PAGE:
Dubai: Dutch expat Patrick Bol says he’s living proof that a double hip replacement doesn’t have to spell the end to adventure.
The 52-year-old led a four-man rowing expedition across the Atlantic this time last year, and although they failed in their bid to cross the 4,250-km stretch from Senegal to Surinam, it wasn’t due to his surgery.
Team Row4Ocean got 2,880-km of the way before their rudder snapped on their Dh1.8 million rowing boat named ‘Year of Zayed’ sponsored by Bol’s employers DP World. They had been aiming to cross the Altantic in a record of 27 days to raise awareness for plastics in the ocean, but in the end bowed out after 25 days and had to be towed the rest of the way, spending a total 31 days at sea.
“During our trip we faced several technical and psychological problems like broken rudders and a breakdown of our water makers, but my hip joint never gave me any pain or trouble,” said Bol.
Of his hip replacement, he said, “In 2014 after competing in the 10-km of the Dubai Marathon in a decent 38 minutes, I felt a bit stiff, so I took a couple of massages but the stiffness and burning feeling didn’t go away. I then consulted an orthopaedic surgeon in March 2014 who told me I needed a total hip replacement.
“I have been athletic all my life running endurance marathons and doing extreme stuff in the army, such as long marches with kit, and 120-km walks, but I never thought I would require a hip replacement at the age of 48.”
Bol researched surgeons before choosing Dr Mattias Holn, a specialist orthopaedic surgeon from Burjeel Hospital for Advanced Surgery.
“He had done more than 4,000 hip replacement surgeries and his investigations showed that I had a congenital deformity with a shallow hip cup that had resulted in the wearing away of my cartilage,” said Bol.
He underwent the 45 minute surgery and was able to walk again with a week.
“After couple of days when I was discharged I began taking a kilometre walk twice a day, before progressing to 4-5-km within a week, and with a very good physical trainer who worked on my core muscles I engaged in rehabilitation exercises and pilates and was able to drive my endurance bike in the desert within a month.”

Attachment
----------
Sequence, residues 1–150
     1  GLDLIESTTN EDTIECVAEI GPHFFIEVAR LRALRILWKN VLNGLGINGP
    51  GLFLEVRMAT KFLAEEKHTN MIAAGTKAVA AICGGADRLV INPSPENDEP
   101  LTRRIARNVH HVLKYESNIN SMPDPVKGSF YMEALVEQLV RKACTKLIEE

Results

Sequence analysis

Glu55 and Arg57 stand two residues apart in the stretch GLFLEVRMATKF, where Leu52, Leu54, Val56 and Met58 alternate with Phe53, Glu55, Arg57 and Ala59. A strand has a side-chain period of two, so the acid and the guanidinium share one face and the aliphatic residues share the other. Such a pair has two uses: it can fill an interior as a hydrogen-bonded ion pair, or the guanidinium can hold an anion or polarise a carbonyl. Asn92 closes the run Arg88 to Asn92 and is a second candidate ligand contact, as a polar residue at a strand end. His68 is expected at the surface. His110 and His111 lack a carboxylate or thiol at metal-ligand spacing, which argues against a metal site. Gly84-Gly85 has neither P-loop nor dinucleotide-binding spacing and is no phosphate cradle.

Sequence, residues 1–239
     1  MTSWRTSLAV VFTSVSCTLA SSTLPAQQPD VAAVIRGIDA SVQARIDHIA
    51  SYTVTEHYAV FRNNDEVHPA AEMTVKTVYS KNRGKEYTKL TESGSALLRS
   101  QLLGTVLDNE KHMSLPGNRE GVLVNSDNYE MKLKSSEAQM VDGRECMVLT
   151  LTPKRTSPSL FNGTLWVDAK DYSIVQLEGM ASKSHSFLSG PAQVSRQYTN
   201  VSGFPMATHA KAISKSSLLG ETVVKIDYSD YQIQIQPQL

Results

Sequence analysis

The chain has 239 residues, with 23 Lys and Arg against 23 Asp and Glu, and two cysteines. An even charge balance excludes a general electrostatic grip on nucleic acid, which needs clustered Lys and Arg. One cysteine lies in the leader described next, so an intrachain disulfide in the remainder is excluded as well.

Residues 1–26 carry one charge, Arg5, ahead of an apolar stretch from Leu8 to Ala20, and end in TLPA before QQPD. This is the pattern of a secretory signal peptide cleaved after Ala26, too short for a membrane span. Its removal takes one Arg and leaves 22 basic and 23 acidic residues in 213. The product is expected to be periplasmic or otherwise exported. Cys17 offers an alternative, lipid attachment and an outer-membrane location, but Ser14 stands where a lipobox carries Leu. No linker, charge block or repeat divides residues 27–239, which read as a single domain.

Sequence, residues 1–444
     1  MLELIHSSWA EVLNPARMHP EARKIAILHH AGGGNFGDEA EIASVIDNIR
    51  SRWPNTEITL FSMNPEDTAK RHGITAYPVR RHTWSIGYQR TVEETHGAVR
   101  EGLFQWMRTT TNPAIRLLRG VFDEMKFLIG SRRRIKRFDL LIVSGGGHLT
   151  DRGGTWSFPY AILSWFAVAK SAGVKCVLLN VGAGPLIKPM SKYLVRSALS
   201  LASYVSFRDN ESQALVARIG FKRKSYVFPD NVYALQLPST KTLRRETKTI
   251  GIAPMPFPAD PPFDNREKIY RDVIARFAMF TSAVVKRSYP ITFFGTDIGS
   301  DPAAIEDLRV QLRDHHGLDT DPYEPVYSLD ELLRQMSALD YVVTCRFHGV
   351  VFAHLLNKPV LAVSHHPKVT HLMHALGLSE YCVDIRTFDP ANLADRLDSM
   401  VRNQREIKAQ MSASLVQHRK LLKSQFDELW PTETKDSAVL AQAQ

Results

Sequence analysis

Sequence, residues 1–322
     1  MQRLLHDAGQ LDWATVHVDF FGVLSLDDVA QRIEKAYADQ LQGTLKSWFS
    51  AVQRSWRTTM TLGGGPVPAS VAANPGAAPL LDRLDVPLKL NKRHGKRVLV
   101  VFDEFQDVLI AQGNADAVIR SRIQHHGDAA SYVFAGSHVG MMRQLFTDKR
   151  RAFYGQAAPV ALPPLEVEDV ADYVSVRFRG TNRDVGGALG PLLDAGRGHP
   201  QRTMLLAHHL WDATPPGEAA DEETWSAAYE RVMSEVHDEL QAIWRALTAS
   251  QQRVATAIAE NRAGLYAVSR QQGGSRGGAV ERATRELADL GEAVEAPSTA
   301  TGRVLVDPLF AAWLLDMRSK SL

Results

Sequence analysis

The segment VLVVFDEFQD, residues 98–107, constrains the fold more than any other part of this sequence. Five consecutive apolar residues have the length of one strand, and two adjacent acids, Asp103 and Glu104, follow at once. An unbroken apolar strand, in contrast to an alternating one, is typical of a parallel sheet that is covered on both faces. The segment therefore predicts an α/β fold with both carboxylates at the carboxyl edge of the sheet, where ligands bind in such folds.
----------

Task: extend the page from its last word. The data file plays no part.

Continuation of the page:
Within two months he had completed a 2,300-km endurance expedition across Oman and began preparing for the rowing trip, which involved 14 months of training of about 15 hours a week.
“Besides our day jobs we were literally living in the gym or out on the sea in our training boat, so it was pretty intense,” he said of rowing in pairs with two swapping after two hours of rowing.
Dr Holn, who has also undergone a hip replacement himself, said, “Hip replacements are on the rise in the UAE and across the world. A total hip replacement is most commonly recommended for severe osteoarthritis and inflammatory conditions such as rheumatoid arthritis or for problems with development of the hip during childhood. Hip surgery may also be needed for fractures of the hip, including those resulting from osteoporosis.
“While these surgeries usually happen for people in the age group of 50-80 we have been increasingly getting patients in much younger age groups as well. The youngest patient I performed the hip replacement recently was a girl of 21 years of age with a congenital condition that caused her hip joint to wear away,” he said.
Implants made of titanium and ceramics have a good success rate and can last a lifetime, he added.